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Work, Immigrate

Candidates interested in the Work And Immigration option must first obtain a job visa, then go to Canada, and then gain work experience in Canada. Following it, you can then submit the visa application.

It can take up to 1 to 5 years to immigrate via this route. Here’s TL;DR

Apply for a work permit

1-12 months

Acquire Canadian work experience

6 months – 3 years

Apply for immigration

7-8 months

This route is most common for those who already have a job offer in Canada, own a business there, or meet the requirements for an open work permit. Applicants usually have poor scores, lack a work permit, or lack a job offer in Canada, making them ineligible for direct immigration applications like Express Entry.



The first and most challenging stage is to obtain a work permit. Two categories of work permits are available to foreign nationals seeking employment in Canada: Open Work Permits, which are not tied to a specific employer, and Employer-specific Work Permits, sometimes known as closed work permits.

Open work permits are rarely awarded unless, in exceptional cases, most applicants instead strive to secure employer-specific ones.

  • Employer-specific Work Permits

The following are examples of popular types of restricted work permits:

    • LMIA-supported work permits necessitate the sponsorship of a Canadian employer to be granted entry to the country (LMIA). This category accounts for the vast bulk of Canada’s annual work visa allocation. .
    • Permits for working in Canada that are issued under trade agreements, such as the Canada-United States-Mexico Agreement (CUSMA), which allows citizens of the United States and Mexico to apply for a work permit through their prospective employer. This work visa is the quickest to obtain because it only requires an application and a passport photo at a port of entry (POE).
    • Those who wish to apply for work permits as intra-company transferees must demonstrate that they are either a senior management or a worker with specialised knowledge in a Canadian company with a branch outside Canada.
    • Those seeking significant benefit work permits must demonstrate that they will positively impact Canada’s economy, culture, or technology. A business startup, acquisition, or operation is often required to qualify for this work visa.
    • To qualify for a work visa based on reciprocal employment arrangements, the applicant and the employer must provide evidence that they have offered Canadians living abroad the same or comparable job opportunities.
    • In some cases, you may have more than one choice when it comes to obtaining a work visa. An LMIA-supported work visa or a Significant Benefit work permit may be requested by an applicant who has invested in or founded a business in Canada.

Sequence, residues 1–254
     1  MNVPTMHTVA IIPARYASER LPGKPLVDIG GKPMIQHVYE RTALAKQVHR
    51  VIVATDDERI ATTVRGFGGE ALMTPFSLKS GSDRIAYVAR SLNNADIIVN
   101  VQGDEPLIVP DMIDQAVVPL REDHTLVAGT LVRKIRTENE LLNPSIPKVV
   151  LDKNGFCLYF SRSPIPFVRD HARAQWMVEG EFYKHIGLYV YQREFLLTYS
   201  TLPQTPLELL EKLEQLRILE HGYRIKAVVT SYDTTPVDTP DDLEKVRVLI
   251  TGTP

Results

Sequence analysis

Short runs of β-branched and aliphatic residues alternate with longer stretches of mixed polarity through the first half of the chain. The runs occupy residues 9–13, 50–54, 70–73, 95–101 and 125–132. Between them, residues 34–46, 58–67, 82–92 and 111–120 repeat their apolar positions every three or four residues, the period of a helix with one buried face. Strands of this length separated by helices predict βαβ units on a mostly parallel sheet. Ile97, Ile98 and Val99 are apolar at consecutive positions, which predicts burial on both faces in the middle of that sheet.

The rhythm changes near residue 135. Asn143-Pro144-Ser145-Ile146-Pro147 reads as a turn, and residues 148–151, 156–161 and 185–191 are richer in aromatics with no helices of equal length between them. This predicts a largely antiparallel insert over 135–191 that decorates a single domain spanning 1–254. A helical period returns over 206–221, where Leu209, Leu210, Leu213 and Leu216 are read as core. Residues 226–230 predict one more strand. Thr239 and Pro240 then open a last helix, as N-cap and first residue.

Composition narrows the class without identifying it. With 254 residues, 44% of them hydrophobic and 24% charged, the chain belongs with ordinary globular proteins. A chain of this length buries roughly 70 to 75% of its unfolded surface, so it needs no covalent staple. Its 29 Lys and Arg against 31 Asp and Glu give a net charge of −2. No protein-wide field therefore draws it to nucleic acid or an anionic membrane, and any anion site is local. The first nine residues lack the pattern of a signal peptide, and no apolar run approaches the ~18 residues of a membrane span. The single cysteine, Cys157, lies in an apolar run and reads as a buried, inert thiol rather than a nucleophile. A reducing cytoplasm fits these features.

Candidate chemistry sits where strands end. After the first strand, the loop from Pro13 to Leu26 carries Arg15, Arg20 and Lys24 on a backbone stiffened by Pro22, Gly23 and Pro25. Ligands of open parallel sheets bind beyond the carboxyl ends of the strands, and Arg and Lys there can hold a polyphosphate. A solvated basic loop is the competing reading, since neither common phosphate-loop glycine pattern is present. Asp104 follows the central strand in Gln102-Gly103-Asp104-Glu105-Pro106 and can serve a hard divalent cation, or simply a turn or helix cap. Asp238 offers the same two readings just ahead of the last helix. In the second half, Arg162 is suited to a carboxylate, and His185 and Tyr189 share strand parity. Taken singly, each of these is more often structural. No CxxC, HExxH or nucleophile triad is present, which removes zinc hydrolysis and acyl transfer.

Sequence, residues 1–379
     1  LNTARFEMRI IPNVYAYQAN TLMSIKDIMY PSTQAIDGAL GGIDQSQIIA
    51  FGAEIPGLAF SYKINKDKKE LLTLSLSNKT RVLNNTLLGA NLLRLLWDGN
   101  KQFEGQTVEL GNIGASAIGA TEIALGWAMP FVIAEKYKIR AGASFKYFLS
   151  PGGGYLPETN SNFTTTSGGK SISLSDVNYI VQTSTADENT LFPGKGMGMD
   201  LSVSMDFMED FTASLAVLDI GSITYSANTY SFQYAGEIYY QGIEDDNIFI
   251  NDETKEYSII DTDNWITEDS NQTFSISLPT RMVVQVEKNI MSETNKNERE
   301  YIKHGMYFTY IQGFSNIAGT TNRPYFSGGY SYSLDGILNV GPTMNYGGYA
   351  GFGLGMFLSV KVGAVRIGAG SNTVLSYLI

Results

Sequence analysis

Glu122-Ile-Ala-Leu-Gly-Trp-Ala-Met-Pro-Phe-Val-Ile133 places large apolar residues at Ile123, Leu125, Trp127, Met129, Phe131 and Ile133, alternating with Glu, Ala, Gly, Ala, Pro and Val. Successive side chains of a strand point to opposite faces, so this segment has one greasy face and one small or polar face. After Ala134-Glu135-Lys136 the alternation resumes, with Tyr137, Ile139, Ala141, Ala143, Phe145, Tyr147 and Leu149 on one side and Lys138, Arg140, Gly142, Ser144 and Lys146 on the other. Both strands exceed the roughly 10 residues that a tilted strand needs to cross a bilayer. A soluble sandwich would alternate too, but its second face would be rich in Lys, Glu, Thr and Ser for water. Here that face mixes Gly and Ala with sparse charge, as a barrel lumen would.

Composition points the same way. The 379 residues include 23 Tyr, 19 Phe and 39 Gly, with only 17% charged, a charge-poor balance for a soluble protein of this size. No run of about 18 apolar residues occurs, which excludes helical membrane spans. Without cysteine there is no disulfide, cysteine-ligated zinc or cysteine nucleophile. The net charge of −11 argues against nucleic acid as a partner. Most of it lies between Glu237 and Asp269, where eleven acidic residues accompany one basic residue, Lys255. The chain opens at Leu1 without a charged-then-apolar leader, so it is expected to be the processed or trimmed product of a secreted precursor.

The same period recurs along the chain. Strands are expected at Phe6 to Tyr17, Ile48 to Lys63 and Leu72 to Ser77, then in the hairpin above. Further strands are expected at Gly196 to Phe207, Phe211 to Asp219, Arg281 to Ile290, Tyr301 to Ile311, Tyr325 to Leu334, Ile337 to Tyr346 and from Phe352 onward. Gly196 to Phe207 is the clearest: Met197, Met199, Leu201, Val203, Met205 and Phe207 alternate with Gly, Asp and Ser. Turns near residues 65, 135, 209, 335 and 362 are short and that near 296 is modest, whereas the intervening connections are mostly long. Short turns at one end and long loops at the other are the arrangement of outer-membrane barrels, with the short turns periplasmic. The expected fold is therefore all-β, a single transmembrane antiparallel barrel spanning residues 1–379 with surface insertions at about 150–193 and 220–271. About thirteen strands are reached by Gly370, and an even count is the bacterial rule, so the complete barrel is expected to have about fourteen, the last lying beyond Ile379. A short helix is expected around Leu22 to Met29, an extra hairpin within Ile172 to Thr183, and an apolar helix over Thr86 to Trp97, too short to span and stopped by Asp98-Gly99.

• Open Work Permits

An applicant is eligible for an open work permit if they meet all of the following conditions:

    • Conform to the guidelines set forth by the IRCC’s short-term public policies, such as the open work permit policy adopted in reaction to the Russian invasion of Ukraine.
    • international student who has just recently completed postsecondary education in Canada
    • Application for Canadian permanent residency was granted in principle
    • Applied and was approved for the International Experience Canada (IEC) programme
    • Are living in Canada with a foreigner as a spouse or common-law partner
    • If you or a member of your family is a refugee, refugee claimant, protected person, etc.
    • To be a young worker taking part in International Experience Canada
    • Are a destitute international student
    • Subject to a defunct removal order (the person may have no means of support if removed, or the removal order is being appealed)
    • Keep in mind that these are the typical routes to obtaining a work visa.


It is possible that the applicant will meet the requirements for Canadian immigration if they obtain a work visa, arrives in Canada, and has Canadian work experience (also called permanent residence). Applicants to Canada have a choice between a federal and a provincial route.

    • The Federal Skilled Worker Program, the Canadian Experience Class, and the Federal Skilled Trades Program are all federal immigration alternatives. Express Entry applications have the shortest processing times across the board.
    • Provincial Nomination Programs are one type of immigration option available at the provincial level (PNPs). There are over 80 Provincial Nominee Programs (PNPs) in Canada. These programmes actively recruit and select talented workers and entrepreneurs who are interested in settling in the nominating province or territory and who will contribute to its economic growth.

Following are the most popular immigration petitions:

    • Alberta Opportunity Stream: Unlike other Provincial Nomination Programs (PNPs), the Alberta Opportunity Stream does not have requirements for the applicant’s age, level of education, or language proficiency (CLB 4/5) and does not require a minimum number of employees at the Alberta business sponsoring the applicant’s nomination.
    • Skilled Worker in Manitoba Stream: This PNP, sometimes called “Skilled Worker in Manitoba Stream,” is nearly identical to the one just described. The candidate must also be a Manitoba resident and be employed in the province for a minimum of six months before submitting an application.
    • Canadian Experience Class under Express Entry: Applicants can earn up to 380 additional points for having a work visa and Canadian work experience, bringing the total required to be asked to apply to work in Canada to between 450 and 470.